Initial Validation and Measurement Invariance of the Active Inhibition Scale Among Traumatized and Grieving Youth

Cody G. Dodd, Ryan M. Hill, Lauren M. Alvis, Evan E. Rooney, Christopher M. Layne, Tami Logsdon, Irwin N. Sandler, Julie B. Kaplow

Research output: Contribution to journalArticle

Abstract

The Active Inhibition Scale (AIS; Ayers, Sandler, & Twohey, 1998) is an 11-item, self-report measure of emotional suppression among children and adolescents. Previous research with the AIS has linked emotional suppression to several clinically significant outcomes, such as posttraumatic stress symptoms (PTSS) and suicide, among trauma-exposed and bereaved youth; however, there are no published evaluations of its psychometric properties. We examined the factor structure and criterion validity of the AIS in two samples. Sample 1 included youth (M = 12.22 years, SD = 2.96, range: 6–18 years; 55.4% female) referred to an outpatient psychology clinic specializing in childhood trauma and grief. Sample 2 included youth (M = 13.18 years, SD = 2.58, range: 8–18 years; 61.8% female) referred to a community grief counseling center. Confirmatory factor analytic results supported a one-factor solution, Cronbach's α =.94. Additionally, AIS scores correlated positively with PTSS, depression, and maladaptive grief, rs =.43–.64. Evidence of factorial invariance was found across gender, race/ethnicity, and age group. Emotional suppression scores were higher among girls compared to boys, Black and Hispanic youth compared to White youth, and older compared to younger age groups. The magnitude of correlations between AIS and symptom measure scores was comparable across groups. These results support the reliability and criterion validity of the AIS with diverse youth populations and underscore the role that emotional suppression may play in explaining group differences in mental health symptoms.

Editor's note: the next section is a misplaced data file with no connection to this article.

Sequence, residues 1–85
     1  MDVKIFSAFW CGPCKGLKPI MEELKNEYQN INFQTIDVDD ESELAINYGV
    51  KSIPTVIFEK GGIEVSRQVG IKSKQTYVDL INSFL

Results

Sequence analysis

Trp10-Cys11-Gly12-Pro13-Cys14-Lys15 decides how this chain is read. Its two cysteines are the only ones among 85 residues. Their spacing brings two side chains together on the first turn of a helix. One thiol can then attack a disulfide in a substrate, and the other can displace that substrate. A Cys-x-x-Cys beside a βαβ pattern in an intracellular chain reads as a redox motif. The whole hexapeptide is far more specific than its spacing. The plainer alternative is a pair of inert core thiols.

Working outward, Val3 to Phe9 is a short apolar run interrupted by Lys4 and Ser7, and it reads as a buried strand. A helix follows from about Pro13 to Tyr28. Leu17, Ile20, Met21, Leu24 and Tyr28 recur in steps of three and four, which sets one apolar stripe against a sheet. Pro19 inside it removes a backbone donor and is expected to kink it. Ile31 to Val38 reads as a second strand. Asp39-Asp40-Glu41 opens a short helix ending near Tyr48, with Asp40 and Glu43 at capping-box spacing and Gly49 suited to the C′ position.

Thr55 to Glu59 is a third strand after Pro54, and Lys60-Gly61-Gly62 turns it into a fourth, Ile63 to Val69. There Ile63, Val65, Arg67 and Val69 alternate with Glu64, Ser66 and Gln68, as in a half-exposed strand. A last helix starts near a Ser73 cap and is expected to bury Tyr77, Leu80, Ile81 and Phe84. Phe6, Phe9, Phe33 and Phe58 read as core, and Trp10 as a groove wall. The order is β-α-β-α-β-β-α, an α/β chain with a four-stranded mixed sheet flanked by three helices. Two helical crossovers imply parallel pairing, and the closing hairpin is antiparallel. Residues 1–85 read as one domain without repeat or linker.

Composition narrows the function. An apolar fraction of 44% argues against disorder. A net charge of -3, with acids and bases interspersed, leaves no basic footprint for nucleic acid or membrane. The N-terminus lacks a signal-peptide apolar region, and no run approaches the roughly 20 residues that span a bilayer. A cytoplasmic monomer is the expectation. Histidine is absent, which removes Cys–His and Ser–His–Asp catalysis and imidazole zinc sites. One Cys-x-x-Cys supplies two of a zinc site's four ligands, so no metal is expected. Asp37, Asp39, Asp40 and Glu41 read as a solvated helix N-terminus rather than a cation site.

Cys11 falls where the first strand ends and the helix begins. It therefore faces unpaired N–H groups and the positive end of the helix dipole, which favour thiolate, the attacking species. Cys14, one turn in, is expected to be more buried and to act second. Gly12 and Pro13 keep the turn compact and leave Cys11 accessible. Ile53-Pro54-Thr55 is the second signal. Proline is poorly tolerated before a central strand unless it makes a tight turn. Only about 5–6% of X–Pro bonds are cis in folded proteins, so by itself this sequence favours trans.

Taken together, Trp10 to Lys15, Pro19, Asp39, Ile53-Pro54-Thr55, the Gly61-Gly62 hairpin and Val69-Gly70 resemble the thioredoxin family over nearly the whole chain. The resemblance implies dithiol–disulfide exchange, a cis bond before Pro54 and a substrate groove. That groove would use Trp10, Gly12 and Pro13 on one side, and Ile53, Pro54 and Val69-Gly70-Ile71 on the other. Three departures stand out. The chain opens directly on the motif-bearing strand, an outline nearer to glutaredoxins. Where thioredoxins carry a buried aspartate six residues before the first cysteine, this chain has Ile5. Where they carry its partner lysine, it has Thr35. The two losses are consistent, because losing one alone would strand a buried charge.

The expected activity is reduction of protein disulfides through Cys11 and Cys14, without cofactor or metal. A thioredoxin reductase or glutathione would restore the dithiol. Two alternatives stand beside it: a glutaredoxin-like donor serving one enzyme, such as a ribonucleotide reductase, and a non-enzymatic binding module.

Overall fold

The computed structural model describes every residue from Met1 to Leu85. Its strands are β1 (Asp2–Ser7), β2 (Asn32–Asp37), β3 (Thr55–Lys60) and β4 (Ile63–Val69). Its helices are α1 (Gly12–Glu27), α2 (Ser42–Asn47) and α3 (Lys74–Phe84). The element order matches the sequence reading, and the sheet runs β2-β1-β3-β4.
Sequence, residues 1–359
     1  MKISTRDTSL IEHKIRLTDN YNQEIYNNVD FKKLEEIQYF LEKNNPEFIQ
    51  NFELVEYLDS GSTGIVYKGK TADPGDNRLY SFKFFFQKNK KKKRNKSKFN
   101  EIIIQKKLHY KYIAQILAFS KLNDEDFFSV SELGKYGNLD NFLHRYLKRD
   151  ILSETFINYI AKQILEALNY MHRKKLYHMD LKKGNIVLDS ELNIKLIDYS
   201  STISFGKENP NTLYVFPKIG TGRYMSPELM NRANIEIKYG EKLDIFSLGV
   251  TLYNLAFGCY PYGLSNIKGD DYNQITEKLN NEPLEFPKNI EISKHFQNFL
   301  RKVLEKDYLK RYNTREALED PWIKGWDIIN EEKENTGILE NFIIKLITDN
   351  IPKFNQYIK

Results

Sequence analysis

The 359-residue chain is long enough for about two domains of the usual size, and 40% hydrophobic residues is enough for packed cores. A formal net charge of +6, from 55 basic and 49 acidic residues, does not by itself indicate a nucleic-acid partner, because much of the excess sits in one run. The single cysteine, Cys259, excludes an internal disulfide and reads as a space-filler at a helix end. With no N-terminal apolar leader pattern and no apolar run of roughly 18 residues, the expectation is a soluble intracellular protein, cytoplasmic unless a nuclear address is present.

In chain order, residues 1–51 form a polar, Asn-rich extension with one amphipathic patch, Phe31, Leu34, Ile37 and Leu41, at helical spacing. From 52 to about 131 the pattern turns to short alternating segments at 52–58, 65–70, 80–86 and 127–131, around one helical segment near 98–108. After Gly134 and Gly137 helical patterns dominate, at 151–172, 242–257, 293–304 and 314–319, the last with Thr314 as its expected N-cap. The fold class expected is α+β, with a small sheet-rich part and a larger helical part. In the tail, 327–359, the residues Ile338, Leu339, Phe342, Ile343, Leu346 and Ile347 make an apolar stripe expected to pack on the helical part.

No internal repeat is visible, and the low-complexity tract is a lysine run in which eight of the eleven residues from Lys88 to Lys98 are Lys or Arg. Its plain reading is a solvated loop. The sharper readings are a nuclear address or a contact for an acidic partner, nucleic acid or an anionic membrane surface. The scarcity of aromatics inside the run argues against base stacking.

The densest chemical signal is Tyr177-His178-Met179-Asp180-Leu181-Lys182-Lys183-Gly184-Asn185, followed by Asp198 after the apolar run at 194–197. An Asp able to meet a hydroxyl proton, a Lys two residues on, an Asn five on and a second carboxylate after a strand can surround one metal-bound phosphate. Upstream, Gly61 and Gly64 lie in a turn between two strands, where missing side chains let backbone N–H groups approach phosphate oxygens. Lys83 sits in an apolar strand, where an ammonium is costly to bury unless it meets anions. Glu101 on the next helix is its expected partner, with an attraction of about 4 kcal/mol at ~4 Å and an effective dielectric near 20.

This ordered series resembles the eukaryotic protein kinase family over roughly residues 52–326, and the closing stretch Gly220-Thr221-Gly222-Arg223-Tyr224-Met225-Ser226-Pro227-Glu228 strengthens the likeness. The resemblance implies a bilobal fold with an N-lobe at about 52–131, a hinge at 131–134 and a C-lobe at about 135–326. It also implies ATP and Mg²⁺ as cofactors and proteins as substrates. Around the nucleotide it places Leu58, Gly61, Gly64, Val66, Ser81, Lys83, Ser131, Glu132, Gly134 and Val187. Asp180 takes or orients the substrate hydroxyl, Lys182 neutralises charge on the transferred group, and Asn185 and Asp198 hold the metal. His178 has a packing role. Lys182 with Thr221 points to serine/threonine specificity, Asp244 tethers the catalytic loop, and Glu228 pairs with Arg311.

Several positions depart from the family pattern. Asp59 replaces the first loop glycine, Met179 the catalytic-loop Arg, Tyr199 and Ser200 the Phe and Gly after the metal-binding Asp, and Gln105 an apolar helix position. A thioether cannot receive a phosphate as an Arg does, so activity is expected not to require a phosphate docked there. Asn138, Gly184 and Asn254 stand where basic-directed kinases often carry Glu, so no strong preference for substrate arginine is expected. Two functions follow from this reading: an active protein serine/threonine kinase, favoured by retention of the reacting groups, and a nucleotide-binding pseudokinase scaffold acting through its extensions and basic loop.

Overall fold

Original languageEnglish (US)
JournalJournal of Traumatic Stress
DOIs
StateAccepted/In press - 2020

ASJC Scopus subject areas

  • Clinical Psychology
  • Psychiatry and Mental health

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